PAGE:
“What’s the playbook?” The Prime Minister Michael Callow asks his advisor. “This is virgin territory Mister Prime Minister” he replies, “There is no playbook”.
Charlie Brooker’s new TV series Black Mirror premiered last Sunday. It is a three part mini-series which focuses on this era of Facebook, twitter and invasive technology. Each week will tell an individual story that emphasizes the world we live in today and our “relationship with technology”.
In the first episode The National Anthem, we see a fictional Prime Minister Michael Callow (Rory Kinnear) threatened to perform an unimaginable act in order to save the kidnapped nation’s sweetheart, Princess Susannah (Lydia Wilson). The kidnapper’s only demand is for Callow to have sex with a pig on live national television.
The story portrayed in The National Anthem could easily cause even todays ‘open’ generation to feel uneasy. However, the brilliant acting (by both primary and secondary characters) and the well composed episode is definitely worth watching. It is grasping right from the beginning, despite feeling repelled by what it displays, it is near impossible to resist the urge to watch the episode till the very end. Rory Kinnear’s performance was entrancing; he portrayed the emotions of his character spectacularly and extremely realistically.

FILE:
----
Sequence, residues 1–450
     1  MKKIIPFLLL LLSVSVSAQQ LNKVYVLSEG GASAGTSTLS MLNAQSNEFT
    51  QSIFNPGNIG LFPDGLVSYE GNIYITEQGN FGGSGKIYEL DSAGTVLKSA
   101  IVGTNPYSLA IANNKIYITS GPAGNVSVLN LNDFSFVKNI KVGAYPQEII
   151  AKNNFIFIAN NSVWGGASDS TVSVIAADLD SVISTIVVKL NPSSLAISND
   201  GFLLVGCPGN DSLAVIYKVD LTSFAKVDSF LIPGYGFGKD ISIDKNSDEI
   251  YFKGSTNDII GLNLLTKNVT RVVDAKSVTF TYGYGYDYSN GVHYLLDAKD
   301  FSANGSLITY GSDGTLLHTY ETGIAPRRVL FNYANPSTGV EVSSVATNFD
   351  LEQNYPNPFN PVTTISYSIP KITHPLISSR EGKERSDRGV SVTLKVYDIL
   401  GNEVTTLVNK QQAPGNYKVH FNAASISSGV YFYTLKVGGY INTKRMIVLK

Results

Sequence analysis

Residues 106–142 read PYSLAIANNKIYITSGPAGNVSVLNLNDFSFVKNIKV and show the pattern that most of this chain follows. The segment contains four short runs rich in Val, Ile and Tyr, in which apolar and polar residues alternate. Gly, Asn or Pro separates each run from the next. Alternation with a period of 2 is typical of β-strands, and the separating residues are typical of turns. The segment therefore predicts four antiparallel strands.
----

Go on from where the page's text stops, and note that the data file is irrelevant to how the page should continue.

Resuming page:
The National Anthem satirises the use of social media. Individuals of the 21st century seem to have a sturdy relationship with technology. News that is still to appear on the most efficient news channels seem to be proficiently uploaded on YouTube, ‘tweeted’ about on twitter and posted all over Facebook.
The show parodies how the public’s opinions can change to conform to the masses opinion or can be influenced by the media and by what they read or hear through their various forms of technology. In The National Anthem the public opinion changes from protecting their Prime Minister (voicing that it is absolutely absurd to even ask for him to perform such an act) to “he has no choice but to do it”.
Not only does Brooker look into the Era of technology, he also capably taps into the human psyche. At the very beginning of the episode we hear that Prime Minister must have sex with a pig. The viewer’s initial reaction is mirrored aptly by the actors within the show that hear this news; a giggle, confusion and an ever so subtle sense of disgust. Additionally, towards the end of the episode, a reporter says that the event can be considered to be the first great artwork of the 21st century. It was an event that was watched by 1.3 billion people and something that caught everyone’s attention. Though this act was watched in disgust, it was watched nonetheless.
Hoards of people are gathered in a pub to see their Prime Minister carry out the illegal deed of bestiality. The gravity of the situation strikes the giggling nation as they watch their prime minister have sex with a pig on live TV; simultaneously, the gravity of the situation hits us.
The National Anthem is a must-watch work of genius and the perfect way to grasp us TV viewers into watching Brooker’s mini-series. “Charlie Brooker’s obscene satire was thrillingly daring and highly intelligent,” says Jack Seale. Personally, I can only agree and highly recommend Black Mirror.